talking-on-phone

Less than 10 years ago, most mobile users couldn’t even conceive of the computing power they’d eventually have in their hands. Imagine — the primary use for cell phones was actually talking back then. And now that our mobiles are more advanced than many desktop computers of that era, what are we doing with them?

Well, says Experian Marketing Services’ Simmons Connect mobile and digital panel, things actually haven’t changed as much as we thought. The number one activity among average Americans is still phone conversations. Average adults spend only 58 minutes with their smartphones each day. The figure is surprising, given how obsessed consumers seem to be with their devices, but it’s worth noting that it’s an average, not a mean, so light users and the technophobic are probably factoring in to drop the number quite a bit.

As for other activities:

  • 26% of the time, on average, is spent talking on the phone
  • 20% texting
  • 16% social networking
  • 14% browsing the mobile web
  • 9% emailing
  • 8% playing games
  • 2% using the camera or GPS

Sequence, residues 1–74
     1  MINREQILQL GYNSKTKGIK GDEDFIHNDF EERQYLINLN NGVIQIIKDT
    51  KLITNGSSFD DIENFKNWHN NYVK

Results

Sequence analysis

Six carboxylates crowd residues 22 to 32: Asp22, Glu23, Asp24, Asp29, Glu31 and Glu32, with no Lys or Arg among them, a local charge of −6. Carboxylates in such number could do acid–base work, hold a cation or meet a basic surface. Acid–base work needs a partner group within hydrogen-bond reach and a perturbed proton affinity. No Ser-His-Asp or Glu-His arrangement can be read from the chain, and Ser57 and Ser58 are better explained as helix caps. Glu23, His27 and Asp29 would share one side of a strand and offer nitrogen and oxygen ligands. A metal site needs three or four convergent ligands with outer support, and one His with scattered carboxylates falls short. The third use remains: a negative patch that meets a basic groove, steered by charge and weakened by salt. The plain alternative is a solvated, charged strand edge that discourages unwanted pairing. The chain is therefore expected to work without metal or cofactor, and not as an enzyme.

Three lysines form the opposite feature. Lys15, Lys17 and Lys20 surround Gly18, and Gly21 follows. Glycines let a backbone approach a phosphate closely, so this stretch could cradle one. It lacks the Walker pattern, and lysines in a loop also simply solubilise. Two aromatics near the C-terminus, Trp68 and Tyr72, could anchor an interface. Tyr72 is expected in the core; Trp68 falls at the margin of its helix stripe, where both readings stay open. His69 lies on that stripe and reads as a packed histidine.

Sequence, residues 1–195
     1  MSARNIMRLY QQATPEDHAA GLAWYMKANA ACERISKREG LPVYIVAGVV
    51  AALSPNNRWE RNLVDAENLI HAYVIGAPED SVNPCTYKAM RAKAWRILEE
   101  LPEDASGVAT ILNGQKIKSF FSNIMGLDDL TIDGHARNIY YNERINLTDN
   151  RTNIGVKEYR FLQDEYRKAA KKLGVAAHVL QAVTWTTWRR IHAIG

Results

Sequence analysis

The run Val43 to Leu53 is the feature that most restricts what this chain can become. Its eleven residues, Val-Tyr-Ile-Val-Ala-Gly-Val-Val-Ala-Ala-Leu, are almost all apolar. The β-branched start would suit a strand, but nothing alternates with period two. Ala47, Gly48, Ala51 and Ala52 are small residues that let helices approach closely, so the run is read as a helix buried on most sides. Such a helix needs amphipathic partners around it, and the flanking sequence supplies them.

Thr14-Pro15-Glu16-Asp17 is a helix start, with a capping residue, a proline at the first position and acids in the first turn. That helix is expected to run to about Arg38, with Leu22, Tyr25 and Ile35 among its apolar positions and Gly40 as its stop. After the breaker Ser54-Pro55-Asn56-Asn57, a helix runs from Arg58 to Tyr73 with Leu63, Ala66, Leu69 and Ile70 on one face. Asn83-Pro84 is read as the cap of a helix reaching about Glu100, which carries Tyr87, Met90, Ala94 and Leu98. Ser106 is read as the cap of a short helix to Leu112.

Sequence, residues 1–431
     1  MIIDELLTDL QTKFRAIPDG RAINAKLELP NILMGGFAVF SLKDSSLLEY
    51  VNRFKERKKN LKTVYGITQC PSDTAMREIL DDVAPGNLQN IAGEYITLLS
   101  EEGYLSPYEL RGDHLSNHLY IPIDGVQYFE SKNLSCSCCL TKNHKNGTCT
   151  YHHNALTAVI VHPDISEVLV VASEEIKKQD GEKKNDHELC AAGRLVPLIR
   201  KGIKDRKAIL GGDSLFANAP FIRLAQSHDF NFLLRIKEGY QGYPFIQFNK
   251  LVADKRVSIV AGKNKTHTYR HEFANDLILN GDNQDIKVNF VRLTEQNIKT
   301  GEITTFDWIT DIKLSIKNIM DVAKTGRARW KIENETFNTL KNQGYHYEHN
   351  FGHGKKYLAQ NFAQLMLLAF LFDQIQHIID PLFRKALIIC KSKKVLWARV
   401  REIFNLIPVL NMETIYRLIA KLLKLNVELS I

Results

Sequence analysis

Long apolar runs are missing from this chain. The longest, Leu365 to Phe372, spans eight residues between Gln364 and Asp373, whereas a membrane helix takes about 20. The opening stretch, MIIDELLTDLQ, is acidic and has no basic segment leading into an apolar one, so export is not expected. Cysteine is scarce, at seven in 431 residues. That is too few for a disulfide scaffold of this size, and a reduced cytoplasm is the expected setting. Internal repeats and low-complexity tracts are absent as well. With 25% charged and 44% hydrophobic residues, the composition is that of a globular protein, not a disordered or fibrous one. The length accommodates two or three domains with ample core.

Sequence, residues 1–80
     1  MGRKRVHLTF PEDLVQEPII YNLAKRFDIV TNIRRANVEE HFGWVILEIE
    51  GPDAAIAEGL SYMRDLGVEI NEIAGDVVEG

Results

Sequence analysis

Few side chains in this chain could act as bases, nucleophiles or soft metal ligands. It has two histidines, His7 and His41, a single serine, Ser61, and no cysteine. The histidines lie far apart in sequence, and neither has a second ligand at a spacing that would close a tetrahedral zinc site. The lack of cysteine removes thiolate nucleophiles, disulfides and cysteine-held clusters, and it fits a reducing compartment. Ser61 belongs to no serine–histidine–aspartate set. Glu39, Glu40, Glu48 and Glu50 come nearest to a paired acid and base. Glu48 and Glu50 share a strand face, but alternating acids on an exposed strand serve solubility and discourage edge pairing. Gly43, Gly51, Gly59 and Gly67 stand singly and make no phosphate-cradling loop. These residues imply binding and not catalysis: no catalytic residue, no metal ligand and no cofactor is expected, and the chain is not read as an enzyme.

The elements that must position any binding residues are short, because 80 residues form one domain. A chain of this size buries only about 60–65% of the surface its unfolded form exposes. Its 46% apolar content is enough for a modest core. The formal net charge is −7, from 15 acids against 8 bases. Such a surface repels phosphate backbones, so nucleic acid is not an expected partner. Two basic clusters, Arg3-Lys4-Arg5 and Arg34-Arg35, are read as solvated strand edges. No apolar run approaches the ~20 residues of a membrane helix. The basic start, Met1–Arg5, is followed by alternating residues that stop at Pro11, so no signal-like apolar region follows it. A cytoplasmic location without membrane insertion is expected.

Looks like texting is catching up to talking. It won’t be long now before it meets or exceeds that usage.

There are also usage differences between users of different operating systems. For example, iPhone users spend an hour and fifteen minutes per day using their device, which is 26 minutes more than typical Android users. As for talking, iPhone users talk less on the phone than their Android counterparts, at 22 percent versus 28 percent. Android users tend to spend more time web browsing on their phones, while iPhone owners are much more often engaged texting, emailing, using the camera and social networking.

How many minutes per day are you on your smartphone? What features/apps/activities are you engaged in the most? Weigh in.